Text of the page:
An intensive study of Wittgenstein’s philosophy, with special attention to the distinction between showing and saying. Rival construals of this distinction will be discussed in a variety of contexts, and will span a variety of themes including the nature of the concept-possession, the scope and character of logic, the notion of truth, the notion of a paradox, Wittgenstein’s criticisms of mentalism and various forms of psychologism, questions about what it is to follow a rule, to understand a language, and to express a thought. We will discuss texts from each part of Wittgenstein’s life, including the Tractatus, middle period works such as “Lectures on Ethics” and “Remarks on Frazer’s Golden Bough”, and Philosophical Investigations. A Wittgenstein Workshop will take place concurrently with the seminar, where experts present works-in-progress and discuss their recent work. Invited guests include Antonia Soulez (University of Paris VIII) speaking on philosophy and music; Sanford Shieh (Wesleyan University) speaking on modality in the Tractatus, and possibly others.

CAS PH 440/GRS PH 640 A1 – Metaphysics
Prof. Liebesman
M, 5:00-8:00

A constant struggle for contemporary metaphysicians is to figure out how relatively high-level facts about, for example, value and mind, can be related to fundamental material facts. We’ll focus on this struggle especially as it arises in conjunction with causation, modality, and color. Our main readings will come from the work of David Lewis, not only one of the greatest contemporary metaphysicians, but also on the most exciting and engaging.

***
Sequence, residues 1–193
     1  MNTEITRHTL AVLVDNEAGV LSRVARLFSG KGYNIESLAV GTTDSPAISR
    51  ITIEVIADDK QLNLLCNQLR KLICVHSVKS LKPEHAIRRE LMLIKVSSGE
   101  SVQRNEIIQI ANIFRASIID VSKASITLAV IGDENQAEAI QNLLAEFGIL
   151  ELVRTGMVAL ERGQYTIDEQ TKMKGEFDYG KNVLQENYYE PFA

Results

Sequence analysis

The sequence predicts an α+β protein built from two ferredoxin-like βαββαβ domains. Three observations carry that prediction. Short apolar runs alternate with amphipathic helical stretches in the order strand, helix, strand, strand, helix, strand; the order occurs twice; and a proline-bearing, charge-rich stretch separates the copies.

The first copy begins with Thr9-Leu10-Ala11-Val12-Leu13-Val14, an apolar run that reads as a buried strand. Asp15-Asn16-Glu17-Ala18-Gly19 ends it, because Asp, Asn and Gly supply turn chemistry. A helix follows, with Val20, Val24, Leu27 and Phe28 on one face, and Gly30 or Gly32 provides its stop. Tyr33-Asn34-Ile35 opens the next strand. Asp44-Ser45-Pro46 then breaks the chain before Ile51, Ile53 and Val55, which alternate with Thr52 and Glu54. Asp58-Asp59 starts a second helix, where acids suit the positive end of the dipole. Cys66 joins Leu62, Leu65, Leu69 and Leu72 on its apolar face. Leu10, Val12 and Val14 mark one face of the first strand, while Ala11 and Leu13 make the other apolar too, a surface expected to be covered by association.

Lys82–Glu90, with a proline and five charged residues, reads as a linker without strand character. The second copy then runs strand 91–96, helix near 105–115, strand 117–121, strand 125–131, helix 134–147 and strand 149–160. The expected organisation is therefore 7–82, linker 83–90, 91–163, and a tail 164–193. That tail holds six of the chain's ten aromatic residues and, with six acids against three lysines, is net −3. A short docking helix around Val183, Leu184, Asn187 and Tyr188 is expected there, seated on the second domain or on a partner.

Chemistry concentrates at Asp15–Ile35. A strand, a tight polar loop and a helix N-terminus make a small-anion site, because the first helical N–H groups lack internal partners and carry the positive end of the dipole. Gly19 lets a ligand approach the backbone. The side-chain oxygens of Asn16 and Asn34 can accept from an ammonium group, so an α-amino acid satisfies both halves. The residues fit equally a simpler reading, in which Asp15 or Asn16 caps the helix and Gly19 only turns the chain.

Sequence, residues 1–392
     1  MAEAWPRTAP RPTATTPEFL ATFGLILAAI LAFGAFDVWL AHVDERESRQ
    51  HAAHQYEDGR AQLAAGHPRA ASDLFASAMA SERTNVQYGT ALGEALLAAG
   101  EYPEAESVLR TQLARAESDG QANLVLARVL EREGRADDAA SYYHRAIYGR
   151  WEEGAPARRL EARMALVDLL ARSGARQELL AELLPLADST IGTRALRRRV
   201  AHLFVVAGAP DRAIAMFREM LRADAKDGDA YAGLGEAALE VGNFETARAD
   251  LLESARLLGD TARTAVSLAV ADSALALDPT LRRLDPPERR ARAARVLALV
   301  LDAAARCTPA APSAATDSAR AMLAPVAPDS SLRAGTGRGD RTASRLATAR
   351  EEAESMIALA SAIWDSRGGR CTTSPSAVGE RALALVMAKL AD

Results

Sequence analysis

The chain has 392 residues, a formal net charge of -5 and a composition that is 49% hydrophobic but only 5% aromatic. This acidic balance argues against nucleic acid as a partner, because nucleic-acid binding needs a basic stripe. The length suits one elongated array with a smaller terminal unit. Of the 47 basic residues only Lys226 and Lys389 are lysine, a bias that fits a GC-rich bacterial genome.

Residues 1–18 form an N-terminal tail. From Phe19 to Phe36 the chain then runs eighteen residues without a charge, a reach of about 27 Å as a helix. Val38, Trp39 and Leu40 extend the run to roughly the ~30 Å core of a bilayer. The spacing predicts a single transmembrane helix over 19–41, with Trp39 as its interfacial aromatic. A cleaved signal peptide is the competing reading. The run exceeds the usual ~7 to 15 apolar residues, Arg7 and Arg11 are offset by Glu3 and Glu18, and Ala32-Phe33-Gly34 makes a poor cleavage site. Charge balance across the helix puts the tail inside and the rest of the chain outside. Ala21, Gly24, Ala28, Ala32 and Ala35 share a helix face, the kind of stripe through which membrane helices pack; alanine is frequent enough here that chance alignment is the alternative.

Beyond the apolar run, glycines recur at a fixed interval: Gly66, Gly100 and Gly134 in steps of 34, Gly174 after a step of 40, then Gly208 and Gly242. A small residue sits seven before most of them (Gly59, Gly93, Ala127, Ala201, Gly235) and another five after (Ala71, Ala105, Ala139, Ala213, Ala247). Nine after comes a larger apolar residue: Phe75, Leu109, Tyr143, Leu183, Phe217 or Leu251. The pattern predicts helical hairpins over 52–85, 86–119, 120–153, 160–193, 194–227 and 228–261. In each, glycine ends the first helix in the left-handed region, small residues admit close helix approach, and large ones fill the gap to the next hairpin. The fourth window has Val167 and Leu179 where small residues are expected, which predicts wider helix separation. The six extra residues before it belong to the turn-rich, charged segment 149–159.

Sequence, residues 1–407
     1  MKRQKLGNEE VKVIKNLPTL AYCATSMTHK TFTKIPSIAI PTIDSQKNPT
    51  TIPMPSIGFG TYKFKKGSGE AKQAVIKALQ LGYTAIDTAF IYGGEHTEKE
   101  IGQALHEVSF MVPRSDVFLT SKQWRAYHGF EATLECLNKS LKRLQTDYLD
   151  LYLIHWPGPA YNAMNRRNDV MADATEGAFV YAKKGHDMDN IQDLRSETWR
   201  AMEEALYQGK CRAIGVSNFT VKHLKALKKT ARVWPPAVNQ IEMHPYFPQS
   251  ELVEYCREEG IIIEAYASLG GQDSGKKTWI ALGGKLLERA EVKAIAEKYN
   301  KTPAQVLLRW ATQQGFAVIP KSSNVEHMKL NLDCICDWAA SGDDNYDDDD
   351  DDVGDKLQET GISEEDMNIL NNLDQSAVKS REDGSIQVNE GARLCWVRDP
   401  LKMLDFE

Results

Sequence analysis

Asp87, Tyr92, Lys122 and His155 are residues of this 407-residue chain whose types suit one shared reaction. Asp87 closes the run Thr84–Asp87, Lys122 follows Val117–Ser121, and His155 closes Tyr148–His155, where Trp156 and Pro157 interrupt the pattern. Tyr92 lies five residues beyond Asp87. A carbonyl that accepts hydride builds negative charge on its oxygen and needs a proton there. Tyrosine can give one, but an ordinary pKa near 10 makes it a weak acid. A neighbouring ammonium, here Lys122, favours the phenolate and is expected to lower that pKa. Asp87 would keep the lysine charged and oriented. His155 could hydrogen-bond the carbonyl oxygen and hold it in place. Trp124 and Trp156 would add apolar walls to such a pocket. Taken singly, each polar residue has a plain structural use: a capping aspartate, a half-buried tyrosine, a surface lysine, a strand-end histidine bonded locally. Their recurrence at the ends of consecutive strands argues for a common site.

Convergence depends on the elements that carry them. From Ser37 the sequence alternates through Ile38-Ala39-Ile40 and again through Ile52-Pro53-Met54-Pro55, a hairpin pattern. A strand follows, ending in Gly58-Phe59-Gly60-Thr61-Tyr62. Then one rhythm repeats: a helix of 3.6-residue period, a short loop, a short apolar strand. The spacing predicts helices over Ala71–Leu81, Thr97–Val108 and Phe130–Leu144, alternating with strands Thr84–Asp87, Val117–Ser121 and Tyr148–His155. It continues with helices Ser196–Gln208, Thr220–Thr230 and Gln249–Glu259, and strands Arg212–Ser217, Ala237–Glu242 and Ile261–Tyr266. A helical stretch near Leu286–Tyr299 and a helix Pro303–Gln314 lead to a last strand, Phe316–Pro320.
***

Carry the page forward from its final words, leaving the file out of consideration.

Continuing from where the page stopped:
CAS PH 451/GRS PH 651 A1 – Contemporary Ethical Theory
Prof. Star
TR, 3:30-5:00

The course this semester will focus on the topic of reasons. Contemporary moral philosophers are very interested in the fact that ordinary practical decisions generally turn on the consideration of reasons for acting in one way or another (as captured by the sentence, “Jack’s two main reasons for taking more philosophy courses were that studying more philosophy would help him substantially improve his critical reasoning skills and that these courses would enable him to think about some particularly interesting topics”). Very generally, one might ask: What acts do I have reasons to do? Do I have any reason to be moral? How one goes about providing general answers to such questions will depend on what exactly reasons are, so our primary focus will be on trying to figure out what reasons are. It will also be interesting to think about the relation of reasons to practical reasoning and to desires, the relation between reasons for action and reasons for belief, and how we are able to know which particular reasons apply to us. We will use a collection of papers edited by Setiya & Paakkunainen, “Internal Reasons” (MIT Press), as well as some recent papers not included in that collection.

CAS PH 452/GRS PH 652 A1 – Ethics of Health Care
Prof. Powell
TR, 9:30-11:00

Medicine and health care offer a unique opportunity to explore the nature of humanity and the world and to ask fundamental questions concerning the nature of birth, life, and death, and what it is to be a person. Readings from both classical and contemporary writings in ethics, medicine, law, and public health policy.

CAS PH 457/GRS PH 657 A1 – Action, Interpretation, and Narrative
Prof. Speight
TR, 3:30-5:00

What is the role of story or narrative in human understanding? This seminar will explore the revivified contemporary debate among philosophers, literary theorists and others about the importance of narrative for issues in moral psychology, agency and personal identity. Readings will include works by MacIntyre, Ricoeur, G. Strawson, Carroll, Velleman, Goldie, Currie, among others, as well as literary texts and films of relevance.

CAS PH 458/GRS PH 658/JD 787 A1- Crime and Punishment
Prof. Simons
W, 2:00-4:00